Scenario 3 is "Transportation of the associated gas in a new gas pipeline to a site where it can be used by a new or existing power company to power production and / or by industries. " Lastly, scenario 4 is "Scenario 3 plus extraction of ALP at the wellhead.

" Base on input data, including the amounts of the associated gas, local demand for energy and distances to markets, and financial fuel prices and economic cost of fuels, the workbook identifies Inch utilization options seem most relevant (SGF 2004). Two gas-flaring communities, Miring and Obama, were screened for small-scale utilization of associated gas.

Site selection was based on the data availability for the amount of the associated gas. The required data were obtained through each floatation, the documents of U. S. Energy Information Administration (EIA), African Gas Initiative, and OPEC, and personal observations.

Table 1 shows some of the required data. As Table 1 shows, the Obama floatation flares twice more than the Miring floatation. The Miring floatation, however, is about twice as close as the gas power grid and the power company than the Obama floatation.

Some of the required data for the workbook (1) each floatation, (2) guesstimated, 13) African Gas Initiative: Main Report (ESMTP 2001), (4) default of the Gofer's Norfolk, (5) OPEC Environment Study In the summer of 2003,

I stayed in the Niger Delta for 10 weeks, working with a Nigerian non-government organization, Our Niger Delta (NOD).

The Niger Delta is one of the largest wetlands in the world, encompassing over 70,000 km (ENDS 2004) and is located on the coast of southern Nigeria (Figure 1). The Niger Delta has four ecological zones: coastal barrier islands, mangroves, freshwater swamp forests, and lowland rainforest's (Mambo 1995).

The Niger Delta also contains enormous biodiversity, including unique and rare species. During my stay in the Niger Delta, I visited four villages in Bales state: Miring, brain, Obama, and Manama, to take carbon monoxide (CO) samples and discuss the impacts of oil exploration with local villagers.

Miring (Solo Creek Floatation) and brain (Telltale Forestation) are located approximately two kilometers from a gas flare flotation equipped with a gas scrubber which is used to remove water and air pollutants such as hydrogen sulfide (HAS) (Language 1994).

These affiliations are operated by Shell Petroleum Development Company of Nigeria Limited (SPED). floatation that is not equipped with a gas scrubber, owned by Nigerian Gasp Oil Company Limited (GASP). Lastly, Manama region is entirely free of the gas flaring.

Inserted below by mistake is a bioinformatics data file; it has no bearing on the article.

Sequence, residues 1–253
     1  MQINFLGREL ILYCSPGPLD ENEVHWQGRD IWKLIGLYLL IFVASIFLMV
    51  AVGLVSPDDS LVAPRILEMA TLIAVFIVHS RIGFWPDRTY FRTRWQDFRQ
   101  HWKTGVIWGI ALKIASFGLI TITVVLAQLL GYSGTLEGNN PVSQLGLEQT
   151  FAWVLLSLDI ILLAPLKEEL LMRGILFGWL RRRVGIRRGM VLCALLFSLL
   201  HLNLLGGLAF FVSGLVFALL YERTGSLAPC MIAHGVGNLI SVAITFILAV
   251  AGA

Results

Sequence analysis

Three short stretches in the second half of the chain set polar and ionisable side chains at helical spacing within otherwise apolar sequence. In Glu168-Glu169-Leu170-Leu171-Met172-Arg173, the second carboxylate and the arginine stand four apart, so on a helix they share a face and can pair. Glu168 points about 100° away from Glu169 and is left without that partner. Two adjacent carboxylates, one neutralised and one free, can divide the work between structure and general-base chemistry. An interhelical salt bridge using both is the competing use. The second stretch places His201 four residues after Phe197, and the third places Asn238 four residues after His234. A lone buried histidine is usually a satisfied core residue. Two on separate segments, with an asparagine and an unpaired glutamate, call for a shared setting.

While the CO level of ambient air Nas monitored for a four-hour average over five different days in Miring, Cabbaging, and Manama, I could only take a CO sample for one day in Obama (August 6, 2003) due to time and distance constraints. I measured CO outside in an attempt to avoid other CO sources such as cooking stoves and vehicles. In addition to CO emission, in order to study other emissions of gas flaring, I reviewed the Alberta Research Council (ARC) report released

in 1996. This report is the one of the most comprehensive academic papers to examine other emissions.

In heir study, the ARC conducted field measurements of products of incomplete combustion downwind of flare plumes at a low-sulfur content gas (called "sweet gas") site and another downwind from flares of a higher sulfur content gas ("sour gas") site. However, because Nigerian gas has low sulfur content, only the data of sweet gas site is examined.

Combustion Efficiency (%) 62. Conditions for the sample collection measured 5 m above a sweet gas flame (Strophes 1996) Furthermore, collecting associated gas yields human health and environmental effects as a secondary benefit by promoting a shift from direct combustion of biomass fuels in inefficient and polluting stoves to clean, efficient gaseous fuels. The study of evaluating of and control strategies for traditional and modern environmental hazards, particularly health-damaging and climate-warming air pollution from fuel use in developing countries has conducted by the United Nations

Development Programmer (UNDO) and Daniel M.Seamen and Kirk Smith who are professors at the University of California, Berkeley. Hence, I reviewed their study in order to examine how shifting the biomass fuel to the gaseous fuel by utilizing the associated gas can play a role on local environment and human health as an indirect benefit. Results In 1999, Nigeria completed its biggest gas project, the West African Gas Pipeline WAGE) as part of a gas flaring reduction scheme (EIA 2003). The $400 million, 1,033 km pipeline will transport the gas from the Niger Delta through Benign, Togo, and Shania to be used in those countries (Commerce 2002).